Possible copyright status: NOT_IN_COPYRIGHT
Language: English
Digitizing sponsor: Google
Book from the collections of: Harvard University


How Venice Rigged
The First, and Worst, Global Financial Collapse
by Paul B. Gallagher

Venetian Bankers and the Dark Ages

04-01-2010, 04:08 AM
This is an old great GIM post from years back, posted by koyaanisqatsi that I rescued and brought over.

This is a lot to read perhaps, but facinating as a "deja vu" glimpse of what created about 100 years of desperate economic times.

I personally feel this excerpted HISTORY of the Great Crusades is very relevant to current 'interesting times' we now live in.

GoingLoonie's picture

Living on a wealthy island off the coast of south Florida we have watched home prices fall no less than 40% from their peaks.  Another 20% is a sure thing.  This is a great depression and like the last one the public at large will not figure that out for another six months.

Cleanclog's picture

I'm sure you mean great large, not wonderful.

Have friends with a place on islands of Georgia.  Multiple golf courses, many shopping amenities, large price tags to purchase homes and major homeowner dues.   The place has gone tits up, courses closing, memberships to same worthless probably, and houses not selling.  Those "prices" haven't hit the market yet cuz they aren't moving.

Gonna see this in a lot of upscale communities all over the country.  And it is sad, rich or poor, people are "stuck".  But we have to go through this process.  QE isn't magic, just magical thinking and financial system rewarding.  Sucky for regular folk.

deepsouthdoug's picture

Housing sales  in the Twin Cities for the month of Oct. were down 35% from Oct. a year ago.

geno-econ's picture

Not only in Oklahoma.  I recall long trenches in Central Park in New York City filled with unemployed and homeless living with piles of newspapers as ceilings to keep warm. Somehow we are less prepared now since families are breaking up ,single parents on the rise , individuals on the cusp of bankrupcy without any savings cushion, no sense of self- reliance in large urban areas and Central Park unable to accomodate the  populations of today. It could be ugly when many realize there are no entitlements to economic survival . Not even Bearded Ben can be a Santa Claus to everyone---only the Banks

SmittyinLA's picture

CA home prices have lots more to drop, take all the semi-affordable inland & desert commuter communities, when gas goes back to $5/gallon & more with carbon taxes those home  prices cannot be supported without significant wage inflation-which isn't coming, if anything wages will drop more with the current default automatic alien amnesty (non-enforcement is amnesty).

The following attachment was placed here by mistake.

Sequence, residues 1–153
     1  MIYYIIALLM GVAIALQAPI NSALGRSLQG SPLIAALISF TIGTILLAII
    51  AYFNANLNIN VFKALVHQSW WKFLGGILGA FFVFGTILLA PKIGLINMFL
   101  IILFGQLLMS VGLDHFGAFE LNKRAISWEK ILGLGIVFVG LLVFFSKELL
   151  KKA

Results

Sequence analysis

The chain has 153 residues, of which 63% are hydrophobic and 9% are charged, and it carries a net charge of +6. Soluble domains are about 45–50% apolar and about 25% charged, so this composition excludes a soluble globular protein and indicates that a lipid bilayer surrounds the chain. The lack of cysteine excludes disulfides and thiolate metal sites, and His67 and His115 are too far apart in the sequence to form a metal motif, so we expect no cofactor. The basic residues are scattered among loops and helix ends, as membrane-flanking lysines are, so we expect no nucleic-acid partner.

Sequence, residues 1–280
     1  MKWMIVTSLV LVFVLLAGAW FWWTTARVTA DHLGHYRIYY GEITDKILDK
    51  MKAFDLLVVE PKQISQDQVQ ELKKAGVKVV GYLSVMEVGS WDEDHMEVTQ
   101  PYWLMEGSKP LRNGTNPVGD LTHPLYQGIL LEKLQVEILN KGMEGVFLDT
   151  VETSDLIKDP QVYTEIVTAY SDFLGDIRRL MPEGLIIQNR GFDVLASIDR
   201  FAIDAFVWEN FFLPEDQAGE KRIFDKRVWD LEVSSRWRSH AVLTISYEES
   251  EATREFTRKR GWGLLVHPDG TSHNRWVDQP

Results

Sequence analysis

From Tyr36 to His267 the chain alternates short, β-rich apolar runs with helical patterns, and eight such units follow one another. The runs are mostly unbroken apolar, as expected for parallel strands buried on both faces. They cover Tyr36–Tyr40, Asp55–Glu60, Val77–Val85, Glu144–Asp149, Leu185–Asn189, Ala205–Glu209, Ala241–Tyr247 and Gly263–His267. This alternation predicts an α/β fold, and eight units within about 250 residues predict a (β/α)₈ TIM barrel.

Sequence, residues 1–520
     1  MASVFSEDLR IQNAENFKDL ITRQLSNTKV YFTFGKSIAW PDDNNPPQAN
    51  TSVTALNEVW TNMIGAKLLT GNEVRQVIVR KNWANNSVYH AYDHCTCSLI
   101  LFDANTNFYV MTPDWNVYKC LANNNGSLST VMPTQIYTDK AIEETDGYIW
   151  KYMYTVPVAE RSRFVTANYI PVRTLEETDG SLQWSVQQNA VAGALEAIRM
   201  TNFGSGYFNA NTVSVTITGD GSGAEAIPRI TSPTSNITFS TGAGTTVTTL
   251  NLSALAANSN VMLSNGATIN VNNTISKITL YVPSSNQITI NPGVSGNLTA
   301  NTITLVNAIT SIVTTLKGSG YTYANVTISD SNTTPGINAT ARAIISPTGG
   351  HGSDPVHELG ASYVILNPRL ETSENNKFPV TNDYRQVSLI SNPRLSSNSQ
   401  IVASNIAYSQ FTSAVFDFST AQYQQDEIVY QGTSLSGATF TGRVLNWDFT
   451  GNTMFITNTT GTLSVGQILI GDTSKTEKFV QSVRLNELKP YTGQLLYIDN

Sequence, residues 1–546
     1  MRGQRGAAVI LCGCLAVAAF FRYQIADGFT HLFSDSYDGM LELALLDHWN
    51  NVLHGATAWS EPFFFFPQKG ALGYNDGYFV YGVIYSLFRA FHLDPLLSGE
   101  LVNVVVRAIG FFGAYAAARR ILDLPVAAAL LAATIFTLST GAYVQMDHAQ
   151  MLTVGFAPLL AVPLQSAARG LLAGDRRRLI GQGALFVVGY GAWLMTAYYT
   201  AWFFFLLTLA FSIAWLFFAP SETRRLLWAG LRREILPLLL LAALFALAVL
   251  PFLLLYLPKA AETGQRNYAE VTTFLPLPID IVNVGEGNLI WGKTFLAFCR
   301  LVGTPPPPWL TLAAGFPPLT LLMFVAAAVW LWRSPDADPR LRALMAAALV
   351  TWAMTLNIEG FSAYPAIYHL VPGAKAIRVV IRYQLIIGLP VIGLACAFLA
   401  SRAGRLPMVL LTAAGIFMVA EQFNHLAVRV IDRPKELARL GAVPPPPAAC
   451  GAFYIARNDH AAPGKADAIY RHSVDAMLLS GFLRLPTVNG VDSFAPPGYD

The coastal areas where homes haven't dropped much still have lots of space to drop with current prices far above replacement cost, the re-assessments that will cut the taxes of the most recent buyers will drive up the property taxes of all homeowners, take Bell CA, their coming property tax increases will chase many of the existing residents out of the city and maybe even out of the state and the replacement buyers wont be any more affluent that those that left, if anything they earn less, have higher debts, are less healthy, and are less educated.

People that thought they voted for an extra $50/year in property taxes may get stuck with a $1500/year property tax increase.  

bronzie's picture

how are they going to get around Prop 13 to raise property taxes as you suggest?

SmittyinLA's picture

CA home prices have lots more to drop, take all the semi-affordable inland & desert commuter communities, when gas goes back to $5/gallon & more with carbon taxes those home  prices cannot be supported without significant wage inflation-which isn't coming, if anything wages will drop more with the current default automatic alien amnesty (non-enforcement is amnesty).

The coastal areas where homes haven't dropped much still have lots of space to drop with current prices far above replacement cost, the re-assessments that will cut the taxes of the most recent buyers will drive up the property taxes of all homeowners, take Bell CA, their coming property tax increases will chase many of the existing residents out of the city and maybe even out of the state and the replacement buyers wont be any more affluent that those that left, if anything they earn less, have higher debts, are less healthy, and are less educated.

People that thought they voted for an extra $50/year in property taxes may get stuck with a $1500/year property tax increase.  

mamba-mamba's picture

Can you please explain how property taxes will be going up more than the 2% per year allowed by proposition 13?

GoldmanSux's picture

On its way to exceeding the Santorini wipe out of 1590 B.C.

lamont cranston's picture

In Charlotte last week a listing at $1.89MM in 2008 was let go at $975K - that's a 48% haircut for NCNB, er Nationsbank, uh BOA.

We're abating asbestos and mold at a beautiful 3,200 sq ft 1938 4BR in Winston-Salem that has a 2006 tax value of $590K - it just sold for $399K. I though I'd never see <$125/sq ft in that part of that neighborhood again in my lifetime - was $200+ three years ago.

Geoff-UK's picture

Please, even if you're European, STOP with the "MM" meaning "a million" bullshit.  It's gay.

Eyes on the World's picture